Sunday, April 10, 2011

Atlas shrugging at a theater near you this Friday!

A few weeks ago I got a chance to watch a sneak preview for the first installment of a film trilogy based on Ayn Rand's Atlas Shrugged. I did not have high hopes for the adaptation, given that much of the "action" in the gargantuan novel occurs in the heads of characters, the heads of characters who can outwardly appear to be emotionless.

I was very pleasantly surprised with the film. It captures about as much of the book's essence as anyone should have expected and set up the rest of the trilogy quite well. If you are a fan of the book but also appreciate the high wire act required of anyone who might dare to adapt it to film, I think you'd enjoy it.

You'll have exactly that chance this Friday. The film opens April 15 (har har har!) and will debut in (so far) five Kentucky theaters:
Bowling Green
Great Escape Greenwood Mall 10
323 Great Escape Drive, Bowling Green, KY 42101

Regal Hamburg Pavilion 16
1949 Starshoot Pkwy, Lexington, KY 40509

Cinemark Tinseltown USA
4400 Towne Center Drive, Louisville, KY 40241

Rave Motion Pictures Stonybrook 20
2745 S Hurstbourne Pkwy, Louisville, KY 40220

AMC Newport on the Levee 20
1 Levee Way, Newport, KY 41071
I hope you are able to make it on opening night!


Hempy said...

Atlas Shrugged is a piece of theological fiction. It's premise is: Take what you can get from whomever, and do whatever you want with it."

It's a defense of feudalism. Let the lord of the manor take what he can get wherever and from whomever.

Anyone who wants to be a part of it has to do bondage to the lord. These are the serfs for whom there is little or no exit.

It's a repudiation of the basic tenets of major religions of providing for the common good. Atlas Shrugged is morally and spiritually bankrupt. It's a moral and spiritual poverty case.

Jack said...

Just checked AMC at the levee's website and there was no mention of "Atlas" being shown on the 15th.


Jack said...

Hempy. Feudalism was a system of social organization that was based on coercion. It has nothing at all to do with the principles espoused by "Atlas". The book addresses the rights of man. Natural rights that all people have by virtue of the fact of their very existence. Whether you believe that those rights come from the Creator or from the nature of man doesn't alter the existence of those rights. When coercion enters the scene, then freedom is lost. It makes no difference if that coercion comes from a dictatorial state, an oppressive church as witnessed during the Dark Ages and present day fundmental Islam, or any entity that tries to subjugate your mind and/or body without your consent. Those principles are embodied in our Declaration of Independence, our Bill of Rights, and our Constitution. Bondage, serfdom and sacrificing an individual for the "common good" is the antithesis of those rights. John Locke and others advocated those same inseparable rights. Read the book. Maybe you will learn something.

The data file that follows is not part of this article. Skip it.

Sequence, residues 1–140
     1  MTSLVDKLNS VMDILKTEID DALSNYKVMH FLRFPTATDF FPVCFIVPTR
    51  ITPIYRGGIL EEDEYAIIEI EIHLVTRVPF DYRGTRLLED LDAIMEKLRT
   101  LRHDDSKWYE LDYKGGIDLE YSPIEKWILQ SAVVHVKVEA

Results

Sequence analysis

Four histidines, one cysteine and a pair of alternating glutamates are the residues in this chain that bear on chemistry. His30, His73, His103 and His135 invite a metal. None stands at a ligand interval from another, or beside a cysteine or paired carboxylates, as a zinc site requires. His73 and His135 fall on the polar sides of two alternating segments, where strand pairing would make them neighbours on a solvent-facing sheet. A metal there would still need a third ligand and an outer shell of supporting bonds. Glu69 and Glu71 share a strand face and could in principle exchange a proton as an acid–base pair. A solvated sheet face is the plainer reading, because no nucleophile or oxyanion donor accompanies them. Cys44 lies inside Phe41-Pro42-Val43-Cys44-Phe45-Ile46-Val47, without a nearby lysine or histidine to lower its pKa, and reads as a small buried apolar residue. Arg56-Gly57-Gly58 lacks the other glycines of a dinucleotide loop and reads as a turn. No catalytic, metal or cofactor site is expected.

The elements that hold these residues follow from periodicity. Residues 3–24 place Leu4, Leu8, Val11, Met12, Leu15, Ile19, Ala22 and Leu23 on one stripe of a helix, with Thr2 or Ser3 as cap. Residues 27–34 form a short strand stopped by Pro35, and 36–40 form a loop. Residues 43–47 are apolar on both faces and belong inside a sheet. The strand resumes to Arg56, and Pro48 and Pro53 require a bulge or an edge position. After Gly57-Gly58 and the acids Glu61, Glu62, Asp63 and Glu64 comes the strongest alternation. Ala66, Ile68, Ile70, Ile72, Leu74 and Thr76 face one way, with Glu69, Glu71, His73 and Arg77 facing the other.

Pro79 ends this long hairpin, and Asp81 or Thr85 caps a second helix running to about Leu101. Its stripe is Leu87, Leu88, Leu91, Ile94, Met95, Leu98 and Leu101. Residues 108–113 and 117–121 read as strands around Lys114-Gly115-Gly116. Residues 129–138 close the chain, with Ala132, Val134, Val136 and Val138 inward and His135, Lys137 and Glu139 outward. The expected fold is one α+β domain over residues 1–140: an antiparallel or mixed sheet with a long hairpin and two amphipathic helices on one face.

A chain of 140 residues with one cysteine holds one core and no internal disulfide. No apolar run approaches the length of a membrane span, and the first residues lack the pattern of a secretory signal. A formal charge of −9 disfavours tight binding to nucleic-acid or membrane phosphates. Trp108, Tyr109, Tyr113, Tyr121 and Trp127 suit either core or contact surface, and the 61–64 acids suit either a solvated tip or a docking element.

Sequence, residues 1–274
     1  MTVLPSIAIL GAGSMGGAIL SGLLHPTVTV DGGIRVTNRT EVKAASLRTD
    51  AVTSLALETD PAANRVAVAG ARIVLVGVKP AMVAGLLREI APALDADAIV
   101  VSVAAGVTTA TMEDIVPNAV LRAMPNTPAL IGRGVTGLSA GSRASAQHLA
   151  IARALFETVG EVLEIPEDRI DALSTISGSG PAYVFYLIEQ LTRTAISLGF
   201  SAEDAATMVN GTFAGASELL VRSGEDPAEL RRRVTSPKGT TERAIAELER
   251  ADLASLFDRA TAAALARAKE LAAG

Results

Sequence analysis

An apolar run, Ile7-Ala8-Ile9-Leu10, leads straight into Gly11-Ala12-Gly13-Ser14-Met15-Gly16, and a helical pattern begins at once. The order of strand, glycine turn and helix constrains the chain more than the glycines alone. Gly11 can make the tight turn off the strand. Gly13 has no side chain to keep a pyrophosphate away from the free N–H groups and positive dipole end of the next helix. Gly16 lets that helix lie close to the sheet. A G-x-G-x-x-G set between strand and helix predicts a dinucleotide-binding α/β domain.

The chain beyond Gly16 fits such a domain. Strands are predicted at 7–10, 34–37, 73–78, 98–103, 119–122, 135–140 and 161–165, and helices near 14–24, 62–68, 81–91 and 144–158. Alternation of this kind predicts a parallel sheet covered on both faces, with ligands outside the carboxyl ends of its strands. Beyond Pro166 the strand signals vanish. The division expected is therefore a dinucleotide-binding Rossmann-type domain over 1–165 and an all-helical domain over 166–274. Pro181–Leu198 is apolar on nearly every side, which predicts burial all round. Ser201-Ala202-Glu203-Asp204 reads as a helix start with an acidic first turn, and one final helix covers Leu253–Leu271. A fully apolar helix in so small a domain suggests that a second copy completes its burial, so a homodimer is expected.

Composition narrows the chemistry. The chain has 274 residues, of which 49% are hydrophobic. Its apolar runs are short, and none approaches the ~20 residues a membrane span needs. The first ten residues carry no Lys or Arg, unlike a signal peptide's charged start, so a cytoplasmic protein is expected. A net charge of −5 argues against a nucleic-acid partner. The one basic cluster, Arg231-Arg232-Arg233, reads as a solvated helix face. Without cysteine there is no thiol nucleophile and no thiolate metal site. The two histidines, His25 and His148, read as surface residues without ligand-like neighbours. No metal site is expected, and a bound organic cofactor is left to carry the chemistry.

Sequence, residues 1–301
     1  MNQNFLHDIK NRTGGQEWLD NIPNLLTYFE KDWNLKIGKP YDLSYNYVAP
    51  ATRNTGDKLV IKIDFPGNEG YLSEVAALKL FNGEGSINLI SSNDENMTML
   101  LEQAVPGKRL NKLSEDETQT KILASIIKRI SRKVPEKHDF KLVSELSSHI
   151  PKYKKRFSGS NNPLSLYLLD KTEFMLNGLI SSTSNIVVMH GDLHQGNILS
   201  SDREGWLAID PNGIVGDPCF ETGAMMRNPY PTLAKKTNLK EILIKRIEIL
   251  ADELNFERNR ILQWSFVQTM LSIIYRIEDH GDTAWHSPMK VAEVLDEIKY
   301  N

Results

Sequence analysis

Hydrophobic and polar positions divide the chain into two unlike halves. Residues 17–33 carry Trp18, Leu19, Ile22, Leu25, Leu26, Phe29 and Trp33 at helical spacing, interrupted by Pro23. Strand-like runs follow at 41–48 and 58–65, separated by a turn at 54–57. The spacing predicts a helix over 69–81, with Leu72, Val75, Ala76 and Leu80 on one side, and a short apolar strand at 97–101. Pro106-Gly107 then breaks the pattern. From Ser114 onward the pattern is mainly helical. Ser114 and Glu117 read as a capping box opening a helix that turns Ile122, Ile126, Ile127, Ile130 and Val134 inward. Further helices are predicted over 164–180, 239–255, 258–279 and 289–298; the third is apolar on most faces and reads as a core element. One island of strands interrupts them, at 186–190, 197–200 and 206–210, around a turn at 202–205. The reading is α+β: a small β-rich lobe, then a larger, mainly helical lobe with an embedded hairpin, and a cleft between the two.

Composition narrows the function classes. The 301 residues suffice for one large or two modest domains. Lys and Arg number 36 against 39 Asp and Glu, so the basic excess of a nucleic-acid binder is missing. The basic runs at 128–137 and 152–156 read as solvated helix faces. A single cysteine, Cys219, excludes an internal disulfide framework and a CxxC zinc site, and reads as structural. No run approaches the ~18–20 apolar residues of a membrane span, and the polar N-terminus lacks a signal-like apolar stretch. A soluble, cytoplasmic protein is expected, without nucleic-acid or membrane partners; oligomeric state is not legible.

Hempy said...

I've read the book. Again, it is a piece of theological garbage. It's as fundamentalistic as any religion.

Atlas Shrugged It's based on the acquisition of getting something from nothing and then developing it (usually land), even if you have to take it away from someone else.

That's the philosophy of the robber barons. The lords of the manor essentially did the same thing. They got some land and set up a fiefdom. Others could come and live there provided they obeyed the rules of the lord.

No king was to interfere with the fiefdoms of the lords. You might want to read John Dalrymple's A General History of Feudal Property in Great Britain. Thomas Jefferson recommended that Americans read it.

Today, the proponents of that feudal philosophy are called conservatives, Republicans, Libertarians and now more recently teabaggers. Atlas Shrugged is their theological Bible to justify that kind of system.

lance said...

I wrote a lengthier response, but lost it due to computer malfunction. Due to frustration, I'll keep it short.

Hempy, the ideas you attribute to Rand are diametrically opposite to the ideas she actually espoused. "I swear - by my life and my love of it - that I will never live for the sake of another man, nor ask another man to live for mine."

Secondly. You drop the name of Jefferson while taking a stance opposed to his own. Read his favorite political philosopher (John Locke) and see for yourself. Lock (and Jefferson) and a favorable view of landed property.

Also, as an aside, there is one Libertarian philosopher who actually was/is pro-feudalism. Hans Hermann Hoppe. His philosophy is intellectually interesting, but contrary to Rand's (and most conservatives/libertarians/republicans). He's actually one of the Anarcho-Capitalists (Rothbard's philosophy seems similar to feudalism, but never fully praises it). Rand despised Anarchism, favoring a constitutional republic as the best form of government. Likely a federalist, not being overly concerned with state's rights, unlike Jefferson who likely would have been an anti-federalist had he been present for the debate. The only other major difference (politically) is that Jefferson was anti-bank and Rand was not so.

Hempy said...

Atlas Shrugged is nothing but a piece of theological fiction. The world it portrays does not exist and never has. It's a utopian nightmare.

Capitalism doesn't deny property. Property should be shared proportionally as Adam Smith and Alexander Hamilton advocated. It's the utilitarian principle of John Stuart Mills. It's also a biblical principle. The Father feeds the birds of the air; and you are of more value than they. Likewise money should be shared proportionally.